Forgotten history revived. 4/5 stars.
Thank you to Transworld and NetGalley for providing me with an e-copy of this book.
1815: The war is over but for the inmates at Dartmoor Prison, peace – like home – is still a long way away.
On the eve of the year 1815, the American sailors of the Eagle finally arrive at Dartmoor prison; bedraggled, exhausted but burning with hope. They’ve only had one thing to sustain them – a snatched whisper overheard along the way.
The war is over.
Joe Hill thought he’d left the war outside these walls but it’s quickly clear that there’s a different type of fight to be had within. The seven prison blocks surrounding him have been segregated; six white and one black. As his voice rings out across the courtyard, announcing the peace, the redcoat guards bristle and the inmates stir. The powder keg was already fixed to blow and Joe has just lit the fuse.
Elizabeth Shortland, wife of the Governor looks down at the swirling crowd from the window of her own personal prison. The peace means the end is near, that she needn’t be here for ever. But suddenly, she cannot bear the thought of leaving.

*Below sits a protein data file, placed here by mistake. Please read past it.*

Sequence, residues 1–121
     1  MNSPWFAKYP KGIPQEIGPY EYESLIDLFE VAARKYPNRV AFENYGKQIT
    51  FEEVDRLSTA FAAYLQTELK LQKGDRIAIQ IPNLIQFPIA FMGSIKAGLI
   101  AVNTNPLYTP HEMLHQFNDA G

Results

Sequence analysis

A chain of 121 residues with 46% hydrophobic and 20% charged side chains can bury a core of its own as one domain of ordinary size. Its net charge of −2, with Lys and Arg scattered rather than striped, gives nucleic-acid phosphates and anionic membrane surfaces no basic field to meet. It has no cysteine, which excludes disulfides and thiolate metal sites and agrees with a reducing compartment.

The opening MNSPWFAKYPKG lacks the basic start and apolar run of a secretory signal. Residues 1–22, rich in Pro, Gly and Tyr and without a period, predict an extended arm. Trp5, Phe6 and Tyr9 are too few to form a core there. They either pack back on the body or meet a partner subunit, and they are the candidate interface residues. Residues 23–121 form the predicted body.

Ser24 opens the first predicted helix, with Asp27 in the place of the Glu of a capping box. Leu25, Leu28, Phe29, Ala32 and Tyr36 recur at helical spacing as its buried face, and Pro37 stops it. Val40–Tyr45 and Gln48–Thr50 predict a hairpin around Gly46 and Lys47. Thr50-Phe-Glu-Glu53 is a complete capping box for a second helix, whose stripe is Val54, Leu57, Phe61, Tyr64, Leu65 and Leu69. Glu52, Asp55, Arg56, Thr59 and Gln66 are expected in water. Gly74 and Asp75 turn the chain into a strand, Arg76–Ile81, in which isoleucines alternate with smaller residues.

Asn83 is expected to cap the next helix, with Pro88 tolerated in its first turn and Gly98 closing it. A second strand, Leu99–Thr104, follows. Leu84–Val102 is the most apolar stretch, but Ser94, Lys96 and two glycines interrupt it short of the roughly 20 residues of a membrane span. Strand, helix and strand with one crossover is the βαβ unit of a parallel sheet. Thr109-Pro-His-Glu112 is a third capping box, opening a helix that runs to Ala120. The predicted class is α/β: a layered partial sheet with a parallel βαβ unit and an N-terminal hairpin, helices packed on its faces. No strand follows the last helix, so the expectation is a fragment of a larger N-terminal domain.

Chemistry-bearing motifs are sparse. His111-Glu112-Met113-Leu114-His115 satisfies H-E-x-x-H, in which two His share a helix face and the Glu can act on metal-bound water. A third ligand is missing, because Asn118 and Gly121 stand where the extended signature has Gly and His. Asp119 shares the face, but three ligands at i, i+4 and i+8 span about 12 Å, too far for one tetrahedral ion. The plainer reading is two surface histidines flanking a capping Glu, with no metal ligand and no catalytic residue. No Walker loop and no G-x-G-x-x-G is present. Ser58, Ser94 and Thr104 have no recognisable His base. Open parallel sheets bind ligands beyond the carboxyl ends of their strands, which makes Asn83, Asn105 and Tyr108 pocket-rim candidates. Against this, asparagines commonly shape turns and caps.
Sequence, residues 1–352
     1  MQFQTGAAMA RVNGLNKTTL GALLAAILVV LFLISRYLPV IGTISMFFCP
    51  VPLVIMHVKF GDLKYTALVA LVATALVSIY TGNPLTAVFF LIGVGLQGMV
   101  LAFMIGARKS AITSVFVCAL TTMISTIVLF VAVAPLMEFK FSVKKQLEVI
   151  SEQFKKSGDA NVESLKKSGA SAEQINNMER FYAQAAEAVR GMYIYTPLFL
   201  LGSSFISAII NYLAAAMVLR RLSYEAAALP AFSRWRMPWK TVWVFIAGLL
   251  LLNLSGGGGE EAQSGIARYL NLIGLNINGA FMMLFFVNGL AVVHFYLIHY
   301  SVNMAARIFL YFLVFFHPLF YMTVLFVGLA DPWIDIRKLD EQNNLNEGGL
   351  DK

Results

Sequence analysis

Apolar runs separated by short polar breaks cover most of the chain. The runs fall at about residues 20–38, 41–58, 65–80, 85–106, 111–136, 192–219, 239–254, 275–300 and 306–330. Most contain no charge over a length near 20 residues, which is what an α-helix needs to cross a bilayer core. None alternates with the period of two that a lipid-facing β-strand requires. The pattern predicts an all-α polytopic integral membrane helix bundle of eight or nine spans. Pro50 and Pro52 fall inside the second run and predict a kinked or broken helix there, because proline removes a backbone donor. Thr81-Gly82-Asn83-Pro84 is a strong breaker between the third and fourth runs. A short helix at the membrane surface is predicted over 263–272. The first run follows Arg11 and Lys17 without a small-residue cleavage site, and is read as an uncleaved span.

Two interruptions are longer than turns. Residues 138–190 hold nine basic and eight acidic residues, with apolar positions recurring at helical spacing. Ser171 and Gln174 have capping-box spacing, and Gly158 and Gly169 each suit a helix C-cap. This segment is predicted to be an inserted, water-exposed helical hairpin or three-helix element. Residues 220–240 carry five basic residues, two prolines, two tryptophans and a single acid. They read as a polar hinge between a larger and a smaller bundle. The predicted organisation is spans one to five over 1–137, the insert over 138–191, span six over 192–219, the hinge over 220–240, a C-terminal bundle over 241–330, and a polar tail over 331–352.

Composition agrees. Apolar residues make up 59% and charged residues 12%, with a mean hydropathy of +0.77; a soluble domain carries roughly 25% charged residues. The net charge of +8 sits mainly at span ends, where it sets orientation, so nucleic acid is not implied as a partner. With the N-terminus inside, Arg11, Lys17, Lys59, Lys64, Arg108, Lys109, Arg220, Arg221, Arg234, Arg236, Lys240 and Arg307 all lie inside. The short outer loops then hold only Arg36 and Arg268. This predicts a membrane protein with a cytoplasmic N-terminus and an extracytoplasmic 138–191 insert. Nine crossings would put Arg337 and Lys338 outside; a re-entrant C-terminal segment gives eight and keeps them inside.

Inspired by a true story, Mad Blood Stirring tells of a few frantic months in the suffocating atmosphere of a prison awaiting liberation. It is a story of hope and freedom, of loss and suffering. It is a story about how sometimes, in our darkest hour, it can be the most unlikely of things that see us through.
Mad Blood Stirring is an example of what I love most about historical fiction: an entertaining and immersive way to learn more about a past event, place and people. The story picks up on a bit of “forgotten” history, or not forgotten in my case as the War of 1812 and the associated events at Dartmouth prison were all completely new to me!
The novel is incredibly well-researched and brings the past to life with vivid descriptions, conveying the horrors of confinement, particularly when disease and violence spreads throughout the jail. And, as is often the way with books “based on true events”, the most unbelievable details are precisely those which are true: the racial segregation of the prisoners, the smallpox outbreak, King Dick himself, and the prisoners putting on productions of Shakespeare.